Mitzi Shore infamously told a reporter "I love comedians and what they do," and when asked to elaborate, replied, "No, put that." because she wanted to let readers take from it what meant most to them. I've often quoted that mysterious line myself, but for a much different reason.
It's always hard to explain exactly why you love a place, a person or an experience. I usually settle for a few lame examples that never quite sum it up. With comedians, I usually go with "Because they're the most sane fucked up people I know" or "I don't know, they're just my tribe." But I finally had an experience that crystallized it for me.
A lot of douchebag new-age folks spout off about living life fully and honestly, becoming "fully realized" and whatnot. But do you know who actually live lives of raw, brutal honesty - walking the walk, without talking the talk? Comedians. To be a good comedian, you have to be smart, you have to be funny and you have to be able to be completely honest with yourself and with the audience. And that's not something you can just turn off and on when it's time to write or go on stage. Comedians will openly talk about their hopes, their dreams, their fears, their strengths & weaknesses, your strengths & weaknesses, their shitty childhood, their wins and losses, and what it all really means to them.
That may sound horrible - kind of like when you first hear the foundation of Buddhism is "all life is suffering." But much like how you find Buddhism is actually beautiful and makes that suffering of life more than bearable, so is living among comedians. Because the honesty goes hand in hand with a passion for creating art. And when you have a community of people who all believe in the same purpose - creating art and moving the art forward - the honesty has a purpose, it lives in a shared space where everyone is working toward a single goal. And that's what makes The Comedy Store a special place. It's truly an artist colony and a family, something you'll never find as strongly at any other club.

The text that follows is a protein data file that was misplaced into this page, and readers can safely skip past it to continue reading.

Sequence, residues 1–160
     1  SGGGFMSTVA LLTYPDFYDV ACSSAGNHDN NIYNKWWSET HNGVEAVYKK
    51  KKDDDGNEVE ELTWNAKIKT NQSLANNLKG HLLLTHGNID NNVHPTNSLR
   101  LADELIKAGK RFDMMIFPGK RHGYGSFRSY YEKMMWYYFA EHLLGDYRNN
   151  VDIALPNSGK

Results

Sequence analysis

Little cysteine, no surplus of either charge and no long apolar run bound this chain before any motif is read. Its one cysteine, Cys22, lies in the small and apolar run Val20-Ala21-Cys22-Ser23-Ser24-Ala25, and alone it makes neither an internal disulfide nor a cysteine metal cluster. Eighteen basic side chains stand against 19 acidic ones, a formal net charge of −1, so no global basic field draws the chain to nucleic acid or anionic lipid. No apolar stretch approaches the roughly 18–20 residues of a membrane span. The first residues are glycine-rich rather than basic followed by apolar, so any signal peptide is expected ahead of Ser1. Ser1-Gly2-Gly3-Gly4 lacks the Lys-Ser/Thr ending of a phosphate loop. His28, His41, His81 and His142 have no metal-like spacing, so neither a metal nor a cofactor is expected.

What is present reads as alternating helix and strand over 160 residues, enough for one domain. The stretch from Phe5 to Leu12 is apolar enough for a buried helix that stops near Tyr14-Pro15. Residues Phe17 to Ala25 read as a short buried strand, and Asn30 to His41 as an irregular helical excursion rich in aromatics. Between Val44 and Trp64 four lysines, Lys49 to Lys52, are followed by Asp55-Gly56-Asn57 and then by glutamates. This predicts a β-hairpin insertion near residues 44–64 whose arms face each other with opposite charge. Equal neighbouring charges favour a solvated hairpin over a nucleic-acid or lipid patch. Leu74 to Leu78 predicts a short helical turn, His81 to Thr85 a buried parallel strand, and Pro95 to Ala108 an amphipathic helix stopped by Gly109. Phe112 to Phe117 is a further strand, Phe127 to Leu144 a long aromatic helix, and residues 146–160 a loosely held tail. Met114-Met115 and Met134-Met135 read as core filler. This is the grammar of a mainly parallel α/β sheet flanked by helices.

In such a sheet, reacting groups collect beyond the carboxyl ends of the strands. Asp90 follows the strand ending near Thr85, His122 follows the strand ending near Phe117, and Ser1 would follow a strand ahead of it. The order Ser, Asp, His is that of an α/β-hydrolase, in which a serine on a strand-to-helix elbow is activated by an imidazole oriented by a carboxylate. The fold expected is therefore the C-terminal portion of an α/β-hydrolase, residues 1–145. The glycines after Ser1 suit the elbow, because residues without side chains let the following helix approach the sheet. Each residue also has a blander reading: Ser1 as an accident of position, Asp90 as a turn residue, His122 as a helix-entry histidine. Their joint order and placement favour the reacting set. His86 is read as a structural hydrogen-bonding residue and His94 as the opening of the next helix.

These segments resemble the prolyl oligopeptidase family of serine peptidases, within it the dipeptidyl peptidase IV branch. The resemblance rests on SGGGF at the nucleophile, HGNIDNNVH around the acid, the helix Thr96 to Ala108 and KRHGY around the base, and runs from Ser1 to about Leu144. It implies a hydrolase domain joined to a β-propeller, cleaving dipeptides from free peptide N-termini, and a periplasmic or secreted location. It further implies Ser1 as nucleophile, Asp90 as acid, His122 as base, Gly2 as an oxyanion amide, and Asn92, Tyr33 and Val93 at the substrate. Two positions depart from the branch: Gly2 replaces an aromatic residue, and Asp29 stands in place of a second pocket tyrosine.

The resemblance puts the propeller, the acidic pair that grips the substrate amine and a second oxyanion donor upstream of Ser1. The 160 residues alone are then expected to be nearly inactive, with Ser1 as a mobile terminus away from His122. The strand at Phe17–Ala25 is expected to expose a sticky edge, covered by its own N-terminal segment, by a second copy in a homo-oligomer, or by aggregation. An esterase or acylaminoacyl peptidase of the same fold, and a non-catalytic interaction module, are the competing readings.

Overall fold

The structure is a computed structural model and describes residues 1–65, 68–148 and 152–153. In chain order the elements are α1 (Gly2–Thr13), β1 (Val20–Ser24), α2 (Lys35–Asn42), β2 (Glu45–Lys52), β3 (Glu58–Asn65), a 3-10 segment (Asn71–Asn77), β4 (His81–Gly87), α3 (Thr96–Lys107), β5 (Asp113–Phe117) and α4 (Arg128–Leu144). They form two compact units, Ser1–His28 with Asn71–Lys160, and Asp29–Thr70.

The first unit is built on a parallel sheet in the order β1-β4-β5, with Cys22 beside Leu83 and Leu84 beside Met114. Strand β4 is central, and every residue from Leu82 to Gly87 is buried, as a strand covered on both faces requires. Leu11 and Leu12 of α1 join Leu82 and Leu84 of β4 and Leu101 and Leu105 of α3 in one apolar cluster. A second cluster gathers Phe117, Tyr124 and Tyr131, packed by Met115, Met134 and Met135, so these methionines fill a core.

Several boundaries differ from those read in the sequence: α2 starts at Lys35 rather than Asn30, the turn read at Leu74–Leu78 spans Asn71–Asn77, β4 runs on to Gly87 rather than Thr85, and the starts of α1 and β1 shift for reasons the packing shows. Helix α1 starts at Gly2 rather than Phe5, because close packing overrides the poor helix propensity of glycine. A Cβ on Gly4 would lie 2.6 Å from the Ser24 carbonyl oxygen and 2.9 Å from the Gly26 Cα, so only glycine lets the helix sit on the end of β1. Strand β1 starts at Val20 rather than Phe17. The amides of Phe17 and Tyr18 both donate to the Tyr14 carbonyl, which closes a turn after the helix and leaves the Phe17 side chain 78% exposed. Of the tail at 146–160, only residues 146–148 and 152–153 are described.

Now, look, it's not all Kumbayah or anything. These are smart, ambitious, often manipulative people. Everyone wants to be a success, some people at the cost of others. But there's an underlying current of respect for the art and respect for other people who practice and respect the art that's always there, even in the bitterest of fueds and jealousies. And most of the time, those hard feelings are just as out in the open as anything else. They're dragged out into the private public square of the family (and occasionally the public public square of the Rogan or Maron podcast), aired, dissected, confronted, argued, held onto or let go.
And the thing about that is that I've always found that owning up to your own dark side, your bad days and horrible experiences allow you to enjoy the good things a lot more. I've definitely found that since joining the tribe. I guess I sound a little like I'm spouting a religion, but hey, maybe we should all be a little more like comedians.